Table of Contents
What is Occupational Health?
Occupational health is concerned with promoting and maintaining the highest level of physical, mental, and social well-being of workers in all occupations.
The occupational health and safety (OHS) is a term that has been used for many years to describe the work-related health and safety. OHS is the set of policies, processes, and practices that are designed to protect workers from occupational hazards.
Occupational health and safety is a way to protect the health of employees. It is a responsibility that every employer has towards their employees. Employers are required by law to provide a safe workplace for their employees.
Therefore, this duty lies with the organization to provide for as well as look after employee’s health and well-being, whether it regards physical or mental health. In most cases, the mental health side is neglected, and employers should address it by providing and conducting Mental Health First Aid Training.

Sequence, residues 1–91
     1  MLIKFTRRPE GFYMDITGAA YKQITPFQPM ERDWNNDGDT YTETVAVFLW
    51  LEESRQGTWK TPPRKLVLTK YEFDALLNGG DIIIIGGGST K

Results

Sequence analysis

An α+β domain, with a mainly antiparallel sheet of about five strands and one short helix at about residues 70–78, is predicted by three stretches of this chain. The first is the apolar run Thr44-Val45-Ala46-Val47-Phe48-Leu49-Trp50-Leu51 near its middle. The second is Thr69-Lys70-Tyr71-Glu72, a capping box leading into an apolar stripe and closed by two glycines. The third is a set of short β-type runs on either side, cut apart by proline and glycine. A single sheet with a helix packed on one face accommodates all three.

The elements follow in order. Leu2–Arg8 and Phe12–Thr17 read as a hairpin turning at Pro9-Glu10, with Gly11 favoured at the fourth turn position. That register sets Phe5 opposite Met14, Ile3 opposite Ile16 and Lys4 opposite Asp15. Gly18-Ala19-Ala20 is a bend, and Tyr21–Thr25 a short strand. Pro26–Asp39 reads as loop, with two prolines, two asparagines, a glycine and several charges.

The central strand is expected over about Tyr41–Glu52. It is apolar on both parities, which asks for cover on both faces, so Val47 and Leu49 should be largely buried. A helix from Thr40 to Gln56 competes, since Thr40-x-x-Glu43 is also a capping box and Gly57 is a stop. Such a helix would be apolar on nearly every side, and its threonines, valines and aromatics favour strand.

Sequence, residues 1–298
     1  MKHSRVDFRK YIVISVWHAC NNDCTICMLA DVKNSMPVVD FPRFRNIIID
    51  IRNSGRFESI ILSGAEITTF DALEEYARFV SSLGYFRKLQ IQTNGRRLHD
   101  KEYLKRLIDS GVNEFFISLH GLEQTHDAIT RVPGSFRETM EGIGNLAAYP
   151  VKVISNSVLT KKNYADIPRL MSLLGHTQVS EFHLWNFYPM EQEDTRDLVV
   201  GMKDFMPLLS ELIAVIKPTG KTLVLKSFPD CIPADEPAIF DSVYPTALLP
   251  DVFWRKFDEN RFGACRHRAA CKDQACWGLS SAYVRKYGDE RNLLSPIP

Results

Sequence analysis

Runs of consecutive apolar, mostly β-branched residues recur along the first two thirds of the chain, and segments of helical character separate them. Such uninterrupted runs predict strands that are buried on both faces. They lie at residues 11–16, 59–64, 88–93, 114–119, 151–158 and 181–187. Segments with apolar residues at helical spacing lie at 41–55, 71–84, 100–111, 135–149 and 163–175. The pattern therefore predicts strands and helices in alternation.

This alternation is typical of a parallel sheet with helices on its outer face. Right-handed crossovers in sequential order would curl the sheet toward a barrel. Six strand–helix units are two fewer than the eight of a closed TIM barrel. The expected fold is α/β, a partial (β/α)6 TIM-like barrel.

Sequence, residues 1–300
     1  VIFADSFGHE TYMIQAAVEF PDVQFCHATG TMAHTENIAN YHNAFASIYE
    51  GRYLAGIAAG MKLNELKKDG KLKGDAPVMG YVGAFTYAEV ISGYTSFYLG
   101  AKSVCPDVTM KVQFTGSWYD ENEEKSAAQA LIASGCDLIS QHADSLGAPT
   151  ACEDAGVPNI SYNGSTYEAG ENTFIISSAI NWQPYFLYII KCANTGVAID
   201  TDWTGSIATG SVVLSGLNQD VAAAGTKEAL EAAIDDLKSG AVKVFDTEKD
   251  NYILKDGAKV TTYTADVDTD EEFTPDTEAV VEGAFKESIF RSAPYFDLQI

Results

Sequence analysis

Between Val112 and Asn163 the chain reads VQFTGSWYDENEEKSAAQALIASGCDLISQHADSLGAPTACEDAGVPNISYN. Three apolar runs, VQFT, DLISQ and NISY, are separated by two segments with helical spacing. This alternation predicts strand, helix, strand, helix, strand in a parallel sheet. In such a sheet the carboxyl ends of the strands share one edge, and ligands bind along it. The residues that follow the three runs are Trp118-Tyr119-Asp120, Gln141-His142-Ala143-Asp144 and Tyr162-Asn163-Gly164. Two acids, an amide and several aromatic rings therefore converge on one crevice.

The International Labour Office, together with the World Health Organization Committee, defined the subject in 1950 as:
“The promotion and maintenance of the highest degree of physical, mental and social well-being of workers in all occupations; the prevention amongst workers of departures from health caused by their working conditions; the protection of workers in their employment from risks resulting from factors adverse to health; the placing and maintenance of the worker in an occupational environment adapted to his physiological and psychological equipment; in short, the adaptation of work to man and of each man to his job”
The ILO Occupational Health Services Convention C161 further defines occupational health services as:
“Services entrusted with essentially preventive functions and responsible for advising the employer, the workers and their representatives in the undertaking on:
(i) the requirements for establishing and maintaining a safe and healthy working environment which will facilitate optimal physical and mental health in relation to work;
(ii) the adaptation of work to the capabilities of workers in the light of their state of physical and mental health.”